Jewish hymnals should make a comeback

Just a week after my uncle’s funeral in Pittsburgh, I attended another here in Dallas: this one of a Christian friend. She was memorialized with “A Celebration of Life” at Northaven United Methodist Church. But that church has struck the “United” from its name; it was one of the dissenters when the United Methodist Church, at its recent major meeting, decided against some of today’s challenging changes, such as accepting gays and lesbians as members and solemnizing same-sex marriages.
Northaven has been fully accepting of everyone for a long time, and “It’s too late to put the cork back into the bottle,” it says. And it wouldn’t ever have wanted to, anyway. It has now covered up the “United” on its front-lawn name sign with a cloth of many colors — gay pride colors!
(If you don’t know already: This is the church that has given Beth El Binah a home! When Dallas’ Reform congregation, founded by lesbians and gays but long since attracting others to membership, outgrew its first home in Oak Lawn, Northaven offered it the very large room that has now become both its full-time headquarters and sanctuary.)
An old friend of mine, a retired English teacher and Northaven church member, for years has been leading a poetry study group there, and I am part of it, attending the every-two-weeks Tuesday morning meetings. And it was one of this group’s members who passed away, very unexpectedly. Her Friday morning memorial service was quite simple: a few words from a few of Ann’s relatives and friends — including some from members of the poetry group, readings of two short Biblical passages, several prayers and music. I liked that last the best: Everyone joined in singing two hymns, and we all had all the words in front of us, because there’s a hymnal, along with a prayer book, on every one of the 333 seats in the sanctuary.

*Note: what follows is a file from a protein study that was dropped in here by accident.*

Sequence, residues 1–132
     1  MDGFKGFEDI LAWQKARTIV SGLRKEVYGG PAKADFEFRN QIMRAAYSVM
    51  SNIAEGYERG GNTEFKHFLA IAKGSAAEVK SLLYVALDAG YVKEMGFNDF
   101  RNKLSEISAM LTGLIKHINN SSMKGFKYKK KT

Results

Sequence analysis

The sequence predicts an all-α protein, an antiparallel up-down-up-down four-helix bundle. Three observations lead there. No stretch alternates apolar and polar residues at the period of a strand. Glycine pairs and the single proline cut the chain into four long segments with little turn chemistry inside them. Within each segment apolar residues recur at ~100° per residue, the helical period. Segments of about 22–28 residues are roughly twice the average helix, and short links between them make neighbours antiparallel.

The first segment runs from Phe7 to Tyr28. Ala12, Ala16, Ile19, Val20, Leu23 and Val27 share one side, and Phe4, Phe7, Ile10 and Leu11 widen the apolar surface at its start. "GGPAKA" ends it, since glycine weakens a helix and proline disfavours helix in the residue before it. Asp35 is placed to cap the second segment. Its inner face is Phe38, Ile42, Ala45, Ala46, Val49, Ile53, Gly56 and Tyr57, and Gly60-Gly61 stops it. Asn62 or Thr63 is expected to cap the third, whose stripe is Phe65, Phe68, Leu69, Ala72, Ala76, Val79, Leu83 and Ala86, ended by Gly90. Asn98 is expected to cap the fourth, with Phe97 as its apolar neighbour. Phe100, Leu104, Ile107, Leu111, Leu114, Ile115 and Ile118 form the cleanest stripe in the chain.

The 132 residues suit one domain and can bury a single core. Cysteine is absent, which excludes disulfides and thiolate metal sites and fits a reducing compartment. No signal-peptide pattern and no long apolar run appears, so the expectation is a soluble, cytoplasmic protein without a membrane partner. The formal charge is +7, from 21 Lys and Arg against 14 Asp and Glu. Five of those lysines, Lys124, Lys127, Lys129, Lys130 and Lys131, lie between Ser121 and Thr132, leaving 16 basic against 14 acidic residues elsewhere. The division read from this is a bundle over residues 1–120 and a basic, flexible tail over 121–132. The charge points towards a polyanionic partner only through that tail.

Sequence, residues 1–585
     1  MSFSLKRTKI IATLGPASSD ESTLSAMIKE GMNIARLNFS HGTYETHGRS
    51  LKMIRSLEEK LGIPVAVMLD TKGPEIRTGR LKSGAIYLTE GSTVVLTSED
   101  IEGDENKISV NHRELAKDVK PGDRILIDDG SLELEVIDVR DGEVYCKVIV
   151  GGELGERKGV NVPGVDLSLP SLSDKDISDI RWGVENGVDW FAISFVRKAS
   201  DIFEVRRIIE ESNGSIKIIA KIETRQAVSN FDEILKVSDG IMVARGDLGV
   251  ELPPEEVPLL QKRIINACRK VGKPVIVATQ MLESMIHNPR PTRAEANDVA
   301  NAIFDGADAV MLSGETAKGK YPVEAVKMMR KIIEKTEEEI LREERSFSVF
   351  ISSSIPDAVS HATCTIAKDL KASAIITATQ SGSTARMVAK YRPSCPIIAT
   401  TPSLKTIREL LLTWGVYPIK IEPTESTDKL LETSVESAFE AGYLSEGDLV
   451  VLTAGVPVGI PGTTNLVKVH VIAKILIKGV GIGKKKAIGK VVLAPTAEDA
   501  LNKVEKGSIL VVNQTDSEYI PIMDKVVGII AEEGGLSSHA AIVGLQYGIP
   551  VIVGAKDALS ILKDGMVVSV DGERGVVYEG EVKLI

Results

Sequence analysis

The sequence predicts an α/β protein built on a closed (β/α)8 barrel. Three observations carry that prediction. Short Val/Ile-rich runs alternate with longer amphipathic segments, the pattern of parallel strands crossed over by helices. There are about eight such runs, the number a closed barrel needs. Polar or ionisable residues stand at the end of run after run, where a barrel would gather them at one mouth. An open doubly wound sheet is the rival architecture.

Holding a book of sacred music in my hands made me long for those “olden days” when Jews in many synagogues also had hymnals, when hymn-singing was part of every service. Many of our beloved Hanukkah songs came out of those books, but there was also both original and traditional music in them for other holidays, songs that have mostly disappeared from our worship today. How many of you can remember “Father, See Thy Suppliant Children,” a vanished staple for Confirmation? How many can sing more than one verse of “Rock of Ages”? With hymnal in hand, so much more singing is possible.
At Ann’s funeral, a song chosen for communal singing was “Hymn of Promise,” a United Methodist Hymnal suggestion for memorial services and funerals because its theme is eternal life. These are the words of its first two verses: “In the bulb there is a flower, in the seed an apple tree…in cocoons, a hidden promise: butterflies will soon be free…In the cold and snow of winter, there’s a spring that waits to be, unrevealed until its season, something God alone can see. There’s a song in every silence, seeking word and melody…there’s a dawn in every darkness, bringing hope to you and me…From the past will come the future, what it holds, a mystery, unrevealed until its season, something God alone can see.”
There’s nothing to offend Judaism or any other faith in these simple words, which sound quite wonderful when sung aloud by a group of individuals, all of whom have all the words in front of them, with a simple single piano accompaniment to keep everyone in tune.
This hymnal, published in 1989, offers 896 different songs on almost a thousand pages! I wish all streams of today’s Judaism would “resurrect” that old singing tradition for us. Our book could be much shorter, with no instrumental accompaniment necessary. But what a welcome way for us to raise our voices in praise of God, and we might even surprise ourselves with how good we sound!

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